Article Date: 6/1/2003

lessons learned
The Smart Detective
Clear up the mystery of medicalese for your patients.
By Jack Runniger, O.D.

The police chief was interviewing three applicants for a detective position. To test their skills in recognizing suspects, he showed the first applicant a photo for five seconds and then turned it over.

"This is your suspect. How would you recognize him?"

"That's easy," he responded. "He only has one eye."

"You idiot! That's because the photo only shows his profile," fumed the chief. He repeated the process with the second applicant.


"He'd be easy to recognize. He only has one ear," this one replied.

"What's the matter with you guys," yelled the chief. "Of course the picture shows only one eye and one ear -- it's a profile shot!"

"The suspect is wearing contact lenses," opined the third applicant after studying the photo intently.

"Wow, I can't believe it! The suspect does indeed wear contact lenses. How were you able to make such an astute observation?"

"That's easy," he answered. "He can't wear regular glasses because he only has one eye and one ear."

Not as they seem

As the story shows, things are not always as they appear. Another example of this lies in your patients' possible misinterpretations of healthcare terminology.

"You have cyclitis," you inform a patient. Until you explain what the term means, the patient's resultant thought processes might go something like this:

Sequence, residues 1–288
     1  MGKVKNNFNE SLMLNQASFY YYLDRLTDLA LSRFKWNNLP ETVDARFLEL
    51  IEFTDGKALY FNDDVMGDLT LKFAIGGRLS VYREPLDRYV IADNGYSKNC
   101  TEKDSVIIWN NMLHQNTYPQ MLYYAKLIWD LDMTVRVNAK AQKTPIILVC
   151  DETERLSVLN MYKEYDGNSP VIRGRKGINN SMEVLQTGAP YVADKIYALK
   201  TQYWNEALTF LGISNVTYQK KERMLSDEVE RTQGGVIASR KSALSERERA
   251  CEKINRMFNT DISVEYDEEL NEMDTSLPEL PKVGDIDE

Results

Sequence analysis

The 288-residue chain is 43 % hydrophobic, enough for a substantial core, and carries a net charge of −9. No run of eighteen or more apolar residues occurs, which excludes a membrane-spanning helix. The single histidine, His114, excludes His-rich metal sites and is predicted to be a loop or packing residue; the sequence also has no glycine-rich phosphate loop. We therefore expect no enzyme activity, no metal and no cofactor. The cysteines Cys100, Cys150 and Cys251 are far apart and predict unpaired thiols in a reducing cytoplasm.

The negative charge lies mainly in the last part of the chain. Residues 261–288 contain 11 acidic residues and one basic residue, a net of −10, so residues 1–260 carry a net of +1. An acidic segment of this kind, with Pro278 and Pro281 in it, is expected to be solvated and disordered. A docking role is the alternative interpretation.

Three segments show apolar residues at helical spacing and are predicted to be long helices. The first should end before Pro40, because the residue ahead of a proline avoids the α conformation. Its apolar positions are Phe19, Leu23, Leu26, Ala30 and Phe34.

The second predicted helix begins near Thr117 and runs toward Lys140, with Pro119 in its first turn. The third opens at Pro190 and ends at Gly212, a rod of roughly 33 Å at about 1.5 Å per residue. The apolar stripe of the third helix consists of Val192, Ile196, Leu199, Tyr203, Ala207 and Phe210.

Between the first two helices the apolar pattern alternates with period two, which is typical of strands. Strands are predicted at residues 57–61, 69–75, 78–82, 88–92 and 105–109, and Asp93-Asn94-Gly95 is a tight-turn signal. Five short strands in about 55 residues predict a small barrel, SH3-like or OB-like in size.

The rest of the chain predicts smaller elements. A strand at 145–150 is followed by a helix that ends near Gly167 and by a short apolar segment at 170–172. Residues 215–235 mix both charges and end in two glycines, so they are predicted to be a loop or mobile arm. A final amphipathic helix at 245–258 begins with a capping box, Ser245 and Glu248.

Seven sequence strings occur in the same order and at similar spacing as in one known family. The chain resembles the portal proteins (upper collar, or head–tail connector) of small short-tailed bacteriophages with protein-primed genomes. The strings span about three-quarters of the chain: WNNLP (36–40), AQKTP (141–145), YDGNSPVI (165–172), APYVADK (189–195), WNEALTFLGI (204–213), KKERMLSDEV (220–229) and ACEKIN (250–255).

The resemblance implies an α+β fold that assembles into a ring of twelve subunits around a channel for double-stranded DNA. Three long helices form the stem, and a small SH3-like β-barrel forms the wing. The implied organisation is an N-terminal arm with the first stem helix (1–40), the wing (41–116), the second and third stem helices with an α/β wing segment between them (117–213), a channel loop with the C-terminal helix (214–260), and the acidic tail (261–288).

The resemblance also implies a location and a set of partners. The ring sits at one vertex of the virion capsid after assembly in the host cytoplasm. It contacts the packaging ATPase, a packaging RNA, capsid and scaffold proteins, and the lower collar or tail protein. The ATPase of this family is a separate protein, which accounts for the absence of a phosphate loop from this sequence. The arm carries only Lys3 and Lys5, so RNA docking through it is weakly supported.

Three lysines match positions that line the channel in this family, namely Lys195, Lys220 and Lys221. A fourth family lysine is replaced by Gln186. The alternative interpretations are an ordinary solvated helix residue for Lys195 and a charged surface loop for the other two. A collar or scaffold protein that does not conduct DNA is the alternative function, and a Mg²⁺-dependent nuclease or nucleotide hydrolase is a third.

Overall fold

"Cyclitis?! Sounds like a rash from a bicycle seat. How can he tell what's wrong at that end of my anatomy by examining my eyes?"

"The last eye doctor I went to told me I needed sunglasses because I had photophobia," a new patient, Emma Trope, told me. "I don't understand. What does a fear of having your picture taken have to do with needing sunglasses?"

Patients can easily misinterpret many healthcare terms such as photophobia and cyclitis to have a meaning other than the proper one. Some general healthcare terms and their possible definitions include:

Less than crystal clear

Recently I ran across a list of definitions involving terms more specific to eye care and how people can misinterpret them. Dr. Michael Wodis devised them and we ran them in Optometric Management years ago when I was editor. Some of my favorites include:

Jack Runniger, our consulting editor, lives in Rome, GA.  He's also a past editor of OM.


Optometric Management, Issue: June 2003